Architects of the NYC Subway, Heins & LaFarge: The Tradition of Great Public Works, Part I (3/19/2007 - 7/8/2007) and Architects of the NYC Subway, Squire Vickers and the Subway’s Modern Age, Part II, (7/30/2007 - 10/28/2007)



Be sure not to miss two new exciting - consecutive - free exhibits at the New York Transit Museum entitled, Architects of the NYC Subway, Heins & LaFarge: The Tradition of Great Public Works, Part I, (3/19/2007 - 7/8/2007) and Architects of the NYC Subway, Squire Vickers and the Subway’s Modern Age, Part II, (7/30/2007 - 10/28/2007). Culled from the extensive collections of the New York Transit Museum, The New York Historical Society, the Episcopal Diocese of New York, The Bronx Zoo / Wildlife Conservancy Center, and private collectors, more than sixty historic artifacts, architectural drawings, and photographs will display, the vision of the subway’s first architects, John L. Heins and Christopher G. LaFarge and the subsequent work of Squire J. Vickers at the Transit Museum’s Gallery Annex in mid-town Manhattan.

From 1901 to 1908, John L. Heins and Christopher G. LaFarge not only designed the first subway stations, but also the control houses, power substations and ornamental kiosks, in the popular Beaux-Arts style, evoking classical architecture using ceramics, metal, and wood. Because Heins & LaFarge began working more than a year after subway construction began, their primary duty was to decorate and make beautiful the stark utilitarian spaces built by engineers achieved by using ceramics, terra cotta relief’s and unique station plaques to identify and adorn each station. Says Roxanne Robertson, Director of Special Projects, “The crown jewel of the subway is the old City Hall Station which was designed by Heins and LaFarge. Visitors are still inspired by the arched tile ceilings, skylights, and brass chandeliers. This station still has the feeling of entering a grand cathedral and remains the NYC subway’s most spectacular space.”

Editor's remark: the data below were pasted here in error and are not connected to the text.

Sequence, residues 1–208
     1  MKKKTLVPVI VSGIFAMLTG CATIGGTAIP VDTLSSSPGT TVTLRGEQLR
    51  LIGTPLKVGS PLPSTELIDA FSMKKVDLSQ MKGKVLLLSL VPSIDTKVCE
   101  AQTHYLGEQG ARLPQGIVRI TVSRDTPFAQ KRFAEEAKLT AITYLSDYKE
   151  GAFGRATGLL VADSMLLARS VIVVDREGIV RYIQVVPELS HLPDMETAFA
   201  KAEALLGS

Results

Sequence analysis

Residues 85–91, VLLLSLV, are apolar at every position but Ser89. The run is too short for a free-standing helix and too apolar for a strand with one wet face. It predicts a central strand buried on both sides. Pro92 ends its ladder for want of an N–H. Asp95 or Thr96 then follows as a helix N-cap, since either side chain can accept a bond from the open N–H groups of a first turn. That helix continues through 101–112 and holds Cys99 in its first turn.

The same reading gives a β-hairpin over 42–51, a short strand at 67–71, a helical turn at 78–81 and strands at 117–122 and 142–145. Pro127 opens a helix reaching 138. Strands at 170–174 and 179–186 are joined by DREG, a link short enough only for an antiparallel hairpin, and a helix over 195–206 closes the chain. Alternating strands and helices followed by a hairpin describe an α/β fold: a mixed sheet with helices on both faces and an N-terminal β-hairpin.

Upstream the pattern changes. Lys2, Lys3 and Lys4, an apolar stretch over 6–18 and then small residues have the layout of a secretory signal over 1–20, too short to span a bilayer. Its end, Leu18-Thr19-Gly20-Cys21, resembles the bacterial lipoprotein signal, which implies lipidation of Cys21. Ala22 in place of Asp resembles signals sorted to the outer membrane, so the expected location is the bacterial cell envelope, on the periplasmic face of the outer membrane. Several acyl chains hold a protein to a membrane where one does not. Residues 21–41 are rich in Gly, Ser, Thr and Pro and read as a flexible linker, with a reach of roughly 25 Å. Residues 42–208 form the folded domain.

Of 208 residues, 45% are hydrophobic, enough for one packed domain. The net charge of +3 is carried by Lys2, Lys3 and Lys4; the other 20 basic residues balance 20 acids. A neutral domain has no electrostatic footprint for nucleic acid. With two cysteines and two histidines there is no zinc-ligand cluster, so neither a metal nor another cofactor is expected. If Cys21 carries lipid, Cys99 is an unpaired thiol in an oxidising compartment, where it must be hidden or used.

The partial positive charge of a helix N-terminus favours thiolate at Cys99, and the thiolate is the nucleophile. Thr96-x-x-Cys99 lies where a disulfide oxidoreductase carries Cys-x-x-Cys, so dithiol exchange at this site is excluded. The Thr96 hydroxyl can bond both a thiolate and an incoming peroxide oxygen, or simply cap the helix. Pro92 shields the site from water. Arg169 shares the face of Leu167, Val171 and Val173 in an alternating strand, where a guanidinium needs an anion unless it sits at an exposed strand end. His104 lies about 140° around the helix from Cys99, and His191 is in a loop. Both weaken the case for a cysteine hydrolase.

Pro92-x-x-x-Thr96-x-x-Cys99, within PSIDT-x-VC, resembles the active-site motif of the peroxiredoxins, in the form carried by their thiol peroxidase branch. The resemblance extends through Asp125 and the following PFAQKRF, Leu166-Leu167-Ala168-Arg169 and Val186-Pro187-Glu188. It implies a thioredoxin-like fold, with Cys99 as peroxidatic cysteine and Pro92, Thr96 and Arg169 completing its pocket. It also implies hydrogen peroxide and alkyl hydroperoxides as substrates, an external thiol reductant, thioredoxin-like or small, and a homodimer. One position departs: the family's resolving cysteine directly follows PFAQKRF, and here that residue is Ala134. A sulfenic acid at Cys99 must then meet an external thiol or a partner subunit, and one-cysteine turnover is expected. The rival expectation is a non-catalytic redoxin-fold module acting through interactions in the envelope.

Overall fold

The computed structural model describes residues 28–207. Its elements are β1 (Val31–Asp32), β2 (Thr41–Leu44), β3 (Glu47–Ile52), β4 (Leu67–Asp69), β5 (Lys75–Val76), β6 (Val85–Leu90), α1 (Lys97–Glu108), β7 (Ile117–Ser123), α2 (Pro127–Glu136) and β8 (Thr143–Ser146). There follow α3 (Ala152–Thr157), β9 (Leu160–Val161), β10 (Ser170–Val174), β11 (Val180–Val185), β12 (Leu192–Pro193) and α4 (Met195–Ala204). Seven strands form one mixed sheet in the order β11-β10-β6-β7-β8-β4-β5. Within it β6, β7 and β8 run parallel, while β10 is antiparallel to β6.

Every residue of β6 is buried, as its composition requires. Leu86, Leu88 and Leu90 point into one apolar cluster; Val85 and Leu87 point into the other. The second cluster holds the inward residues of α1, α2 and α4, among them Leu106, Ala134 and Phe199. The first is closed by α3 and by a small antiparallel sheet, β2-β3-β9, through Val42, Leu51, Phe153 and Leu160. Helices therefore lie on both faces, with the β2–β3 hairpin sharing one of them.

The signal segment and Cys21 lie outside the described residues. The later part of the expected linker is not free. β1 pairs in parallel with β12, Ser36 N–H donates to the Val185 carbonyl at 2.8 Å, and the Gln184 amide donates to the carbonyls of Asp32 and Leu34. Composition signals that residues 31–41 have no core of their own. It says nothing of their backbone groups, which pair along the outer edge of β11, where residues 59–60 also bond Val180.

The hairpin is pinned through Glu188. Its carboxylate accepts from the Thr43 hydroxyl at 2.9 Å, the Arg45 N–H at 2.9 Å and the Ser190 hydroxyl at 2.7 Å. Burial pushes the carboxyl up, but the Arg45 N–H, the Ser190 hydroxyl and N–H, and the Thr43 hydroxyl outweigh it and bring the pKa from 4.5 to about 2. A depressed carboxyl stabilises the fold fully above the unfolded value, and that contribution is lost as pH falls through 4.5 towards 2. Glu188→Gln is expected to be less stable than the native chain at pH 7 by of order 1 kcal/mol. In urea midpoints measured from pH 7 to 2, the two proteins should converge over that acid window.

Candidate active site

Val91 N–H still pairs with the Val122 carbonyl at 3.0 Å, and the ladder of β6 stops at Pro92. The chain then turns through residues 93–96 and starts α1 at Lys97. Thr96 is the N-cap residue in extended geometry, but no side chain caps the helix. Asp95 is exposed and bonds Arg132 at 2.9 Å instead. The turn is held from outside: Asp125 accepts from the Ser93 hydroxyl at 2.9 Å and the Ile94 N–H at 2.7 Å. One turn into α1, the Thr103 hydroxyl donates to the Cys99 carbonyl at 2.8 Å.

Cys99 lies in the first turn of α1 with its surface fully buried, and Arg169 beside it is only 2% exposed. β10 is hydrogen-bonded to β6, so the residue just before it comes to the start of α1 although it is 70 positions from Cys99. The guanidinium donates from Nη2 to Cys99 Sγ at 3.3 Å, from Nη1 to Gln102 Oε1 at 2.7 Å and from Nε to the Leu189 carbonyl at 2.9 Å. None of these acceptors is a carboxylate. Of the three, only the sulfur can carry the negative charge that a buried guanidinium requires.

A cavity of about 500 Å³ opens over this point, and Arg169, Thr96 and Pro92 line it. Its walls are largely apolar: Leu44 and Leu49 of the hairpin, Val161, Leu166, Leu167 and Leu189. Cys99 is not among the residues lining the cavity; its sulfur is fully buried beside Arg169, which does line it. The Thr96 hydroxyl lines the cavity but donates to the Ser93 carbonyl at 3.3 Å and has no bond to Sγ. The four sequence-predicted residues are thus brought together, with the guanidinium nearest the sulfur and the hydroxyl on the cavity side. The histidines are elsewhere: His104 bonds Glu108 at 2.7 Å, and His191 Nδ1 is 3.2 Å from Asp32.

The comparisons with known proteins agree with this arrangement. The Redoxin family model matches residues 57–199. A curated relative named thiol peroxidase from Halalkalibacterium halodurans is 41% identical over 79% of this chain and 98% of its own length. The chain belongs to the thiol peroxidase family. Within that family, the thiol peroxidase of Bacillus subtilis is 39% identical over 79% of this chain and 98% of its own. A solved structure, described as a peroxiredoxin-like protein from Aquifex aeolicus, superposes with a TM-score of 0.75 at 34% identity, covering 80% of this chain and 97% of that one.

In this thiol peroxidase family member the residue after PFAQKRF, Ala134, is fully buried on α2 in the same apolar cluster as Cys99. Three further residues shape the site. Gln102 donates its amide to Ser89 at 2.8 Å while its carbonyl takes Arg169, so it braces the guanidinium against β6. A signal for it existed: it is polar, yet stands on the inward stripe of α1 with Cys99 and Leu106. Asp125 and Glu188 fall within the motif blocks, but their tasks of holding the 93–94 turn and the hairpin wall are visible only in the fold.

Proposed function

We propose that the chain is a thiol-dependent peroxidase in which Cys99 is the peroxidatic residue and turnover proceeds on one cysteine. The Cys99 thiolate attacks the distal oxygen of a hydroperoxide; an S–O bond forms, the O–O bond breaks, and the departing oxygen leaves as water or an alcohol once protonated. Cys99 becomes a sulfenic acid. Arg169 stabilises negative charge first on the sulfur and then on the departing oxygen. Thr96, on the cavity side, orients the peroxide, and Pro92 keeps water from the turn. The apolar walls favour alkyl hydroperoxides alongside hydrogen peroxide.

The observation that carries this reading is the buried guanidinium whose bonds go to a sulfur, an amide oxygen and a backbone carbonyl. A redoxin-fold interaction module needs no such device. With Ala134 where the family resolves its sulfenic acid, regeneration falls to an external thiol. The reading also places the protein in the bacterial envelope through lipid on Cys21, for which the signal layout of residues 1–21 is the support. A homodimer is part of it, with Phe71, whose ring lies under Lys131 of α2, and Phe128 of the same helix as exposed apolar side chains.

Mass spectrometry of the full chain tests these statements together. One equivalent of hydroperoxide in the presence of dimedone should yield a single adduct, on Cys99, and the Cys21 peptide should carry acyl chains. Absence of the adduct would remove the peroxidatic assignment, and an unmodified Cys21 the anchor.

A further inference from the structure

Elements adorning the subway also included ceramic tiles, mosaics, terra cotta reliefs, sconces, iron railings and circular air vent covers. Examples of brass ticket booth grilles and metal exit signs in the exhibition are graceful, with their function masked by the beauty of design and materials. Design drawings of Manhattan’s control houses for 72nd, 103rd Streets and Brooklyn’s Atlantic Avenue show three similar structures with decorative arches, glass, metal, and terra cotta. Architects of the NYC Subway… also presents a dozen pieces of these original station ceramics. Because an immense amount of ceramics had to be designed, fabricated, and installed in less than three years, numerous companies were hired to produce these pieces. The work of the noted ceramics firms Grueby Faience Company of Boston, Atlantic Terra Cotta of Staten Island and New Jersey, and Rookwood Pottery Company of Cincinnati, are also represented in the exhibition.